2. LOL…

    when I was a kid, I would methodically shred tissues into tiny neat streamers, and scolded my (also virgo) bobchie (grandmother) for the lack of can arrangements in her cabinets, and then lined them up carefully and neatly by brand and size.

    I can also smell a typographical error on a drawing at fifty paces.

    I must say I suspect I’ve been rebelling against (or not owning) this side of my personality very much of late…and my kitchen is presently messy (but my tupperware is all living in its designated drawers!), but I know I feel more at peace when everything has its place and is in it… so thank you for the permission to do so, and for seeing the beauty in it!

  3. jas

    I remember sitting with your Mom and watching that toddler methodically pull out and restack those diapers. It was a joy to behold. But that wonderful memory does not come close to the joy I feel in sharing your moment of soul resolution/realization. Rock on!

  4. Molly

    Jennifer, You have nailed something deep in everyone–thank you. I am efficient and can organize a group or myself into action quickly, if need be. My fight/flight is alert, (which I know also means cortisol is pumping through my muscles unnecessarily.) Somehow I learned that being aware was lame and it was far “cooler” to be chill and unintentional and unaware of what’s happening around you. Nonchalant was the word.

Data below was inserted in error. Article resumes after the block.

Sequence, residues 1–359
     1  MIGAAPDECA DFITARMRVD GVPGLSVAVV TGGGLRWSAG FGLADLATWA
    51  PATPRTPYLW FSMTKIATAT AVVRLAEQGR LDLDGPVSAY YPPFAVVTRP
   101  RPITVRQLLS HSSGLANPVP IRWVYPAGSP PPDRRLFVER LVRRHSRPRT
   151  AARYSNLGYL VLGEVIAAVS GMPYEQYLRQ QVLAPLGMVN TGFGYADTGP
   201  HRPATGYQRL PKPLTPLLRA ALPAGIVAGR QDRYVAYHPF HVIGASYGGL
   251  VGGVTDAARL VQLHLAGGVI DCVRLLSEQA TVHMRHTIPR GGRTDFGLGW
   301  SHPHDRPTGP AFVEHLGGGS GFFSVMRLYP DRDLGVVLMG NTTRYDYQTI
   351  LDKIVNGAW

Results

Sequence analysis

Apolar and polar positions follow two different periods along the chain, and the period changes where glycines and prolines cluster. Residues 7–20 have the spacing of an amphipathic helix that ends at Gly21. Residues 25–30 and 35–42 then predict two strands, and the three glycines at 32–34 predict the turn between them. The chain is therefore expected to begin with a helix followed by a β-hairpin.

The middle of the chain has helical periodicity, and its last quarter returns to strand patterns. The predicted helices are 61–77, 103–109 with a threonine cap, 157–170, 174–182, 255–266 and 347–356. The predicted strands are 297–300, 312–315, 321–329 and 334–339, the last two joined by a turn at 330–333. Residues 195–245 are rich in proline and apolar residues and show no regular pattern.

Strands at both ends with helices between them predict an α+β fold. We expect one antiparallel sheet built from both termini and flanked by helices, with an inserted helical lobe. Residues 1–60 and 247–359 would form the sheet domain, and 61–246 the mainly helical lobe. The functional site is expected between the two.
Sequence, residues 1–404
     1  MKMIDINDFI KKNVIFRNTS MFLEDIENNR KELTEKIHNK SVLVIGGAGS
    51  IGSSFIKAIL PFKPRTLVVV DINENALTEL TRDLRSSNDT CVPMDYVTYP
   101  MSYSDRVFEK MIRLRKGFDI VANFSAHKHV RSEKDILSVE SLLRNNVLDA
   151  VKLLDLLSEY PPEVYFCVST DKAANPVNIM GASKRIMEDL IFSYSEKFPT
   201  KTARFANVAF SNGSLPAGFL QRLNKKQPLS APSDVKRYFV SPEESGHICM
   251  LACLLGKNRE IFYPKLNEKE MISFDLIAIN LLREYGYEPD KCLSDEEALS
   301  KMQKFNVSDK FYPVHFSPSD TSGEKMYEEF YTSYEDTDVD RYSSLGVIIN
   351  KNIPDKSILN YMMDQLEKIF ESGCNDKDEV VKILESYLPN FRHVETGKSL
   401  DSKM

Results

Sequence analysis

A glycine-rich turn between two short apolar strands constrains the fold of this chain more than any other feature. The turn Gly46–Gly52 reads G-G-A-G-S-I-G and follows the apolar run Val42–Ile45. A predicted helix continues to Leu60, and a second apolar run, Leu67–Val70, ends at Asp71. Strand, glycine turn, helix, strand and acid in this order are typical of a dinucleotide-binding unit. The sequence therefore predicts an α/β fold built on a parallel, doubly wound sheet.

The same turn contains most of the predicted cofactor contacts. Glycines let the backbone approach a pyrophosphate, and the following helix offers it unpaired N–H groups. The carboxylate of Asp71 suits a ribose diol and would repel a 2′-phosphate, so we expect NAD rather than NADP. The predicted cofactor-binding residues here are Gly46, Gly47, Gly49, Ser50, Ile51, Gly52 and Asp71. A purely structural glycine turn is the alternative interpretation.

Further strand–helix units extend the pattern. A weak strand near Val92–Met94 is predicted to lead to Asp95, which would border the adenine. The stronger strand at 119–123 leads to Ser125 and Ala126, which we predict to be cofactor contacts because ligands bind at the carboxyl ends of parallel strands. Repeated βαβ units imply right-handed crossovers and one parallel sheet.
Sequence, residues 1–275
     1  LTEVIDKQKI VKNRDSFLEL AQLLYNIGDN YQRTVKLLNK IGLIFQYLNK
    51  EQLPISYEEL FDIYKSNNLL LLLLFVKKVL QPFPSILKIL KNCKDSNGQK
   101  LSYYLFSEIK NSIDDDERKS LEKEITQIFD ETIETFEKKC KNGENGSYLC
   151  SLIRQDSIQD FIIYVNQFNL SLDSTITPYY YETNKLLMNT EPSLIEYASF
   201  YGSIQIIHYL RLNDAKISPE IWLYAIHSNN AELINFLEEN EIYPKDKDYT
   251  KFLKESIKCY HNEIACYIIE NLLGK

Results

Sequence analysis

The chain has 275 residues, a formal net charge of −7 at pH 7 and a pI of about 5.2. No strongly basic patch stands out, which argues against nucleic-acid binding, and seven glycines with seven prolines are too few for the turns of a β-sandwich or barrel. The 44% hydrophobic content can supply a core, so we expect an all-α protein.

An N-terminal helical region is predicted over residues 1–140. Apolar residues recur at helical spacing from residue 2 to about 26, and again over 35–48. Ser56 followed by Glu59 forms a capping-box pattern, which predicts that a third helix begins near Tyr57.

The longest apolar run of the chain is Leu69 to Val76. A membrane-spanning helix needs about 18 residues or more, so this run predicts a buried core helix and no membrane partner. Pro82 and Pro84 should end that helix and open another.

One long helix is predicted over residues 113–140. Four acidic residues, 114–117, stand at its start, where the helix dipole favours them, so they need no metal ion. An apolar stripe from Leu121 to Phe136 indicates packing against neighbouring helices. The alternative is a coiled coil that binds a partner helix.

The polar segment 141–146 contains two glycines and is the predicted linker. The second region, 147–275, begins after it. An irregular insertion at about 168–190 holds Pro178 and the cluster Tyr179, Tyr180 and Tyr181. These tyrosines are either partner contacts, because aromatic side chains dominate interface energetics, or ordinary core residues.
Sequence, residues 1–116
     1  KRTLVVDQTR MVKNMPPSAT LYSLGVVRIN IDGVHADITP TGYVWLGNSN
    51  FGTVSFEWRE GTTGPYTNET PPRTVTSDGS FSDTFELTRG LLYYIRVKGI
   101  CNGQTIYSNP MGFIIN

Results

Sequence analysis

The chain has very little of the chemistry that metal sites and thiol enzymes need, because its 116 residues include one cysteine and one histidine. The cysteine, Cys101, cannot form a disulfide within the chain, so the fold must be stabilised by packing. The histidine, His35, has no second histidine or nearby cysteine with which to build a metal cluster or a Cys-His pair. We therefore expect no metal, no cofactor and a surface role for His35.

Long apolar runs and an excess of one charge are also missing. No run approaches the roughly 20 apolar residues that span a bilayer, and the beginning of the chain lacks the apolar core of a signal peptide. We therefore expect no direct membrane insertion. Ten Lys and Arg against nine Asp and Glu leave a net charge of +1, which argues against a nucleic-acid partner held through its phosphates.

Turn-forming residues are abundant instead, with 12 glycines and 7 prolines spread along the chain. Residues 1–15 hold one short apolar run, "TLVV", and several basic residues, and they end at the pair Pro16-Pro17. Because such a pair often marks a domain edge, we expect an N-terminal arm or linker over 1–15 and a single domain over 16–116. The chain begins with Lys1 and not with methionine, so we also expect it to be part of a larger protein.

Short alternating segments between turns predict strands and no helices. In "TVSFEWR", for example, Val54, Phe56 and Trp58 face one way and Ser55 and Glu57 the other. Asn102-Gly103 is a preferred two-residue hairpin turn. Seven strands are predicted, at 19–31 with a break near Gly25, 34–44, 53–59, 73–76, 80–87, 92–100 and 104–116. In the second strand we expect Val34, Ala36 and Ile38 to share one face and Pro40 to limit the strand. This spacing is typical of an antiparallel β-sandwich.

Both are good, but I’ve been taking ownership of the fact that if someone sees the car swerving towards us, it’s gonna be me, or if someone sees a beautiful meteor shower, it’s gonna be me, or if someone remembers the exact details of a conversation 9 years ago, it’s gonna be me.

    I love the image of you stacking diapers!

  5. Thank you all for sharing with me your own realizations and moments of clarity!

    Cristina, I identify with the fear about not having enough angst; it takes a while to buck that stereotype or fantasy.

    Kathleen, it is my pleasure to write anything that gives you permission to fully live every bit of your beautiful self!

    JAS, thanks for being a loving witness to all of these moments. I’m lucky to have you!

    And Molly, thank you for your sharp awareness – I love your list of things that you’ll be the one to see. Each is something incredible that you’ll then bring to those around you. Gorgeous!